The AC72 also sports a SSD Accelerator tier for automatic performance caching, for both Reads and Writes. It is not known (at least I did not research this deep enough) whether the Accelerator Tier is also part of the “all-inclusive” license but if it is, then it is fantastic.

To Starboard Systems, their marketing theme are things related to high speed sailboats. The AC in AC72 stands for America’s Cup and AC72 is the high speed catamaran. Their technology is known as MAST (Mixed Workload, Application-Crafted Storage Tiering) architecture (that’s a mouthful) and the target is exactly that – a mixed workload environment – , just what the SMB/SME ordered.

The AC72 has dual redundant controllers for system availability and scales up to 474TB with the right expansion shelves. Starboard claims better performance in the Evaluator Group, IOmeter lab test, as shown in the graph below:

This allows Starboard to claim that they have the “ best density with leading dollar per GB and dollar per IOPS“.

To me, the window of opportunity is definitely there. For a long time, many storage vendors claim to be SMB/SME-friendly without being really friendly. SMB/SME customers have expanded their requirements and wanting more, but there are too much prohibitions and restrictions to get the full features from the respective storage systems vendors. The generosity of Starboard to include “all” licenses is definite a boon for SMB/SMEs and that means that someone has been listening to customers better than the others.

The appeal is there too, for Starboard Storage Systems, because looking at their specifications, I am sure they are not skimping on enterprise quality.

 

Speaking of enterprise storage systems, competitors in Taiwanese brands here in Malaysia such as Infortrend, QSAN aren’t exactly “cheap”. They might sound “cheap” because the local partners lack the enterprise mentality and frequently position these storage as cheap when comparing with the likes of EMC, HP, IBM and NetApp. The “quality” of these local partners in their ability to understand SMB/SME pain-points, ability to articulate benefits or design and architect the total storage and data management solutions for customers, contributes to the “cheap” mentality of customers.

I am not deriding these brands because they are good storage in their own right. But local partners of such brands tend to cut corners, cut price at the first customer’s hesitation, and worst of all, making outrageous claims, all contributing to the “cheap” mentality. These brands deserve better.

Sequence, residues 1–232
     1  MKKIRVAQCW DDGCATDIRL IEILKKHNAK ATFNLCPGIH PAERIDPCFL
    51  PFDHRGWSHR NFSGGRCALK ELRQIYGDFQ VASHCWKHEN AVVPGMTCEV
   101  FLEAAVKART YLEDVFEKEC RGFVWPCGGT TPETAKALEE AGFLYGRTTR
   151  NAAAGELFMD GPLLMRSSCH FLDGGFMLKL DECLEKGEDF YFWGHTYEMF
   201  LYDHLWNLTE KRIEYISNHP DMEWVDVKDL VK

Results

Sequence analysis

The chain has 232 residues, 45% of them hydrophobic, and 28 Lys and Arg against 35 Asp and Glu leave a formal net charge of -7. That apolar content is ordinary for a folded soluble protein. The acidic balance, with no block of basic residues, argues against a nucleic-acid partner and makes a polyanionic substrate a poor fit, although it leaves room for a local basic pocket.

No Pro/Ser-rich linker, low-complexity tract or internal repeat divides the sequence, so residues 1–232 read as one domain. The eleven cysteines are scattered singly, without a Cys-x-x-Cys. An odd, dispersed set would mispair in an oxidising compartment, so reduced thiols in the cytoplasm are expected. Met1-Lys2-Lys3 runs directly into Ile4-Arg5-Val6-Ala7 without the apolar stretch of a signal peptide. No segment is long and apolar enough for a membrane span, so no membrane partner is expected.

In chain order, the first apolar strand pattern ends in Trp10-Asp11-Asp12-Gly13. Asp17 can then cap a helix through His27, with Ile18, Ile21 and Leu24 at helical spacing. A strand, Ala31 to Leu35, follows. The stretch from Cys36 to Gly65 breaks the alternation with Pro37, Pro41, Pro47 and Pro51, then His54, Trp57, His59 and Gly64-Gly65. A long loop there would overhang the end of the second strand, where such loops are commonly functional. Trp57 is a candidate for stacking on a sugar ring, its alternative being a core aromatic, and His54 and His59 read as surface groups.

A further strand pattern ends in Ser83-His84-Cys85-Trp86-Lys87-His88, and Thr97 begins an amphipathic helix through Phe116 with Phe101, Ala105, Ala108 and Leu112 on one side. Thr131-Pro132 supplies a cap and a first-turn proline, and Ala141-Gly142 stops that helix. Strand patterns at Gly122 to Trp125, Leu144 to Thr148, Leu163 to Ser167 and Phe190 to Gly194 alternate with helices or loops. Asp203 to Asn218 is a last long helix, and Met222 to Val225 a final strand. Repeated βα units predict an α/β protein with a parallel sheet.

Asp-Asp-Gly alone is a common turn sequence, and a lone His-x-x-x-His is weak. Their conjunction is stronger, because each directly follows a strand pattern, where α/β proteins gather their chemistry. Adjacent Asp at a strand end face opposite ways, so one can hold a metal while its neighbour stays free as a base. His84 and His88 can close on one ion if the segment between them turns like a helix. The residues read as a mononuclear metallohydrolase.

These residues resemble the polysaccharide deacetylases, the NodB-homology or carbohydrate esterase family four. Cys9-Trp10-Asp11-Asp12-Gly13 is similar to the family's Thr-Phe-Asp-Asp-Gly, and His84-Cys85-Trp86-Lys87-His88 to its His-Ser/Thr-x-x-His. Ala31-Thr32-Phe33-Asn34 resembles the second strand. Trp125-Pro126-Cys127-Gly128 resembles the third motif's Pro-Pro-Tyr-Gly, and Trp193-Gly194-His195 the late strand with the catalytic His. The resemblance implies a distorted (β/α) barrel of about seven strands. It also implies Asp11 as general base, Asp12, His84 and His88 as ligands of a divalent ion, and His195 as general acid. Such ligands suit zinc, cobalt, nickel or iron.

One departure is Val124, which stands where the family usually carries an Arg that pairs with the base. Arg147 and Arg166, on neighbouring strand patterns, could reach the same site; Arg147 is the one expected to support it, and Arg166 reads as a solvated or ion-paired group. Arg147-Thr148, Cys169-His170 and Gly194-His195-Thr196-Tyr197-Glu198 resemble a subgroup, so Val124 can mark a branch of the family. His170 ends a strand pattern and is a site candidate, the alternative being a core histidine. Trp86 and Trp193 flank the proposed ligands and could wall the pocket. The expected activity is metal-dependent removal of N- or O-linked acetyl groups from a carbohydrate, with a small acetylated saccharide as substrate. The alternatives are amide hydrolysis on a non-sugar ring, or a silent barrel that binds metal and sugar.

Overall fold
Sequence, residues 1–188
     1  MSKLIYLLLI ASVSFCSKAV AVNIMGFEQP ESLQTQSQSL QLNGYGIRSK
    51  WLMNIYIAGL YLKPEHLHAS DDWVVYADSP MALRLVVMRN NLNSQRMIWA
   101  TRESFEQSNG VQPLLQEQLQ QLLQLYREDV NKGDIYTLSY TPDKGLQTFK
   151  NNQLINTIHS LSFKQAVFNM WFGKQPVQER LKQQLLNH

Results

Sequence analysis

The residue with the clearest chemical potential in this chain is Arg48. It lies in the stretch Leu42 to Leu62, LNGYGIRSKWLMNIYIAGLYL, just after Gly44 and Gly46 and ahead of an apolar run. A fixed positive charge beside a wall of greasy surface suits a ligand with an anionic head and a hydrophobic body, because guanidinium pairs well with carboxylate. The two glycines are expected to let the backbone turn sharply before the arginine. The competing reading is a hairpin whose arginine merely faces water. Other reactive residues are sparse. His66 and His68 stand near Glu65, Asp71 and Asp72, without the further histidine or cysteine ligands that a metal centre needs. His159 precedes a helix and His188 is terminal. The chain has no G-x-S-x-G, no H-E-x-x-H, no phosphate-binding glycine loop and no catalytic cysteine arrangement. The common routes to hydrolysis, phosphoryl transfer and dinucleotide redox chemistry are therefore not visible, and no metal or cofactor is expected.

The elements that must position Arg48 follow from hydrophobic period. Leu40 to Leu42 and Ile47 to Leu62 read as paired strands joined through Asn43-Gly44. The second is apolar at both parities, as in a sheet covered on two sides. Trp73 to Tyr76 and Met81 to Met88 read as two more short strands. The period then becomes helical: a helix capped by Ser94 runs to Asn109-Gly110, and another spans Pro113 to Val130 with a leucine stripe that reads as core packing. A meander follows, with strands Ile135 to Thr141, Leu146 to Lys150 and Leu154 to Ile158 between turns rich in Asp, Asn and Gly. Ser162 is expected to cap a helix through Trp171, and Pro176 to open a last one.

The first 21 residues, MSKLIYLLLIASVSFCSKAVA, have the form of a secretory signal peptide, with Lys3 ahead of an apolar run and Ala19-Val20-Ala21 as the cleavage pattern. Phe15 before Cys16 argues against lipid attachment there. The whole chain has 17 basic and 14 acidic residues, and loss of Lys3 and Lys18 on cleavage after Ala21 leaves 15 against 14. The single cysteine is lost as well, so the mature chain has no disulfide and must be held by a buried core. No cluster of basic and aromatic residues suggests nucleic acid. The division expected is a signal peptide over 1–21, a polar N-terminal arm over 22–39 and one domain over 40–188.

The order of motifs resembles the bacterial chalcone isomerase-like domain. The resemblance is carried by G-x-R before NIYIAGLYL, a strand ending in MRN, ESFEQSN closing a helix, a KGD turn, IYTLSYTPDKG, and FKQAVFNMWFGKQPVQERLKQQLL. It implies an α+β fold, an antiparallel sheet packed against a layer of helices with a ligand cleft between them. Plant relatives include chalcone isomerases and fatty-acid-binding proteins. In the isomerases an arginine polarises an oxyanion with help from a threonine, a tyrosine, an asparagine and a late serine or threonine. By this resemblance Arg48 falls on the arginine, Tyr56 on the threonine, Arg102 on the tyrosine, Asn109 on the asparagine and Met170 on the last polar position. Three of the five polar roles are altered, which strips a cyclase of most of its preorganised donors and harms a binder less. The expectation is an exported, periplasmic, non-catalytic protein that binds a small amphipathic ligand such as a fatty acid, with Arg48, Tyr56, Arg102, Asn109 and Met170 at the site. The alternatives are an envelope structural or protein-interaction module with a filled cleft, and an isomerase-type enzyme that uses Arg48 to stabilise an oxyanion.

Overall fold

SMB/SME customers too, are at fault. Unlike what I have experienced with customers across the borders, both north and south of Malaysia, customers here take a very lackadaisical approach when they come to procure IT equipment and solutions for their requirements. They lack the culture to find out more and improve. It is always about comparing everything to the cheapest price!

Other brands such as Netgear, D-Link and QNAP are really consumer-grade storage disguising as “enterprise-class” storage for SMB/SME, most relying on lower grade CPUs such as Atom, Celeron and non-enterprise x86 CPUs and have less than 8GB of memory. I am not even sure if the memory sported in these boxes are ECC memory. Let’s not even go to the HDDs of these boxes, because most  SMB/SME customers in Malaysia lack the knowledge to differentiate MTBF hours of consumer and enterprise HDDs.

So, kudos to Starboard Storage Systems to package a superb bundle of enterprise features for an SMB/SME price, at least for the US market anyway. USD$59,995 is still a relatively high price in Malaysia because most SMB/SMEs still look at price as the point of discussion. But I believe Starboard brings a no-brainer, enterprise storage systems if they ever want to consider expansion in Malaysia.